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These articles provide answers to frequently asked questions related to Earth's frozen realms. Questions range from general background information and detailed science processes to the data gathered and archived at the National Snow and Ice Data Center (NSIDC) and its data management programs including NOAA@NSIDC, the NASA NSIDC Distributed Active Archive Center (DAAC), and the Exchange for Local Observations and Knowledge of the Arctic (ELOKA). If you have a question that is not answered here, please contact NSIDC User Services.
The formation of the Greenland Ice Sheet was not typical and research shows that it may be more sensitive to natural climate variability than previously thought.
By preserving evidence of ancient temperatures and greenhouse gases, ice cores show scientists how much our planet has changed.
Senior research scientist Walt Meier discusses why scientists are conservative about Arctic sea ice loss. He stresses that for something as complex as climate, it is important to not focus too much on a single extreme event or on short-term trends.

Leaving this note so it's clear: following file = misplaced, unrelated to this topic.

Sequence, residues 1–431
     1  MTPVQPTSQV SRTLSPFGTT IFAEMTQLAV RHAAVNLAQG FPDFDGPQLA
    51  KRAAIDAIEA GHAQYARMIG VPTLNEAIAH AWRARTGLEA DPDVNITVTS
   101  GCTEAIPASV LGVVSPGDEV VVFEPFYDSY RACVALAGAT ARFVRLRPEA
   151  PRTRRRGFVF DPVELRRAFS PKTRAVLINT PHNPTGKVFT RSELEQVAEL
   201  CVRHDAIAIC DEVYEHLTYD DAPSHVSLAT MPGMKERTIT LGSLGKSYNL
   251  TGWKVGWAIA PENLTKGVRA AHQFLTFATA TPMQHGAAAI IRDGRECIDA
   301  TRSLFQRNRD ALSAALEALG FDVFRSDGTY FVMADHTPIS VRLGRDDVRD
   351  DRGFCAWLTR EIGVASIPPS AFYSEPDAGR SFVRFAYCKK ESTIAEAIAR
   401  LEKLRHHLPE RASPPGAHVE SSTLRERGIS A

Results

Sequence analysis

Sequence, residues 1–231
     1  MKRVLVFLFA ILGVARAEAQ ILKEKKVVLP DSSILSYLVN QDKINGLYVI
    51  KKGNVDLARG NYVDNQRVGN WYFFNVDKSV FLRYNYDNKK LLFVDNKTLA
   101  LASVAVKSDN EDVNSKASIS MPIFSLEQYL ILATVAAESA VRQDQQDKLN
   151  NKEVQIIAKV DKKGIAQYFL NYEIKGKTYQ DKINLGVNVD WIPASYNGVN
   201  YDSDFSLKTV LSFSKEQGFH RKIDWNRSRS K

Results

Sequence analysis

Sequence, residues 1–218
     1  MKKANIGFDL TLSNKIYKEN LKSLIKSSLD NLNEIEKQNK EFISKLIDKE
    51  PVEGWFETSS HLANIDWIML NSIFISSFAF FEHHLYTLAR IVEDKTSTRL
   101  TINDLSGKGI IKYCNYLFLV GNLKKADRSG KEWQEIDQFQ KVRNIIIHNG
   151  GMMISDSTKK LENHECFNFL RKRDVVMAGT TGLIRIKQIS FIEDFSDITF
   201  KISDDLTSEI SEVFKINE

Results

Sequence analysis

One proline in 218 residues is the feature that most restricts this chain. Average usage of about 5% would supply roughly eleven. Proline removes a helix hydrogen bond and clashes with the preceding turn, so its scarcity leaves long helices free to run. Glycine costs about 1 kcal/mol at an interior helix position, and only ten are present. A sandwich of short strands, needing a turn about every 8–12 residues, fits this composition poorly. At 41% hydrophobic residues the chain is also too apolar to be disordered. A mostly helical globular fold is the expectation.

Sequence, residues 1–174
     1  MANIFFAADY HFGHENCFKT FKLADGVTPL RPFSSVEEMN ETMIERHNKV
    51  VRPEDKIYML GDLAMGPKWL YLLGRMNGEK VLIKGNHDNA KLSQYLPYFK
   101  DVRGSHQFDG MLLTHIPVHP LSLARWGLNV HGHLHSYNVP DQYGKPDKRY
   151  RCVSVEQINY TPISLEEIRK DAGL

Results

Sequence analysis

Since the 1980s, extreme weather events have increased, affecting millions of people across the globe. Multiple studies have suggested a potential causal relationship between Arctic ice retreat and extreme weather in the midlatitudes, but not all climate scientists agree that a clear relationship exists.
As Arctic sea ice melts to reveal the open ocean underneath, fragile coastlines become vulnerable to bigger waves from storms, leading to accelerated erosion that impacts people and wildlife.
With satellite observations of sea ice extent stretching back to November 1978, NSIDC scientists can draw from more than 40 years of data to determine when an extent is above or below average or when it reaches a record high or low.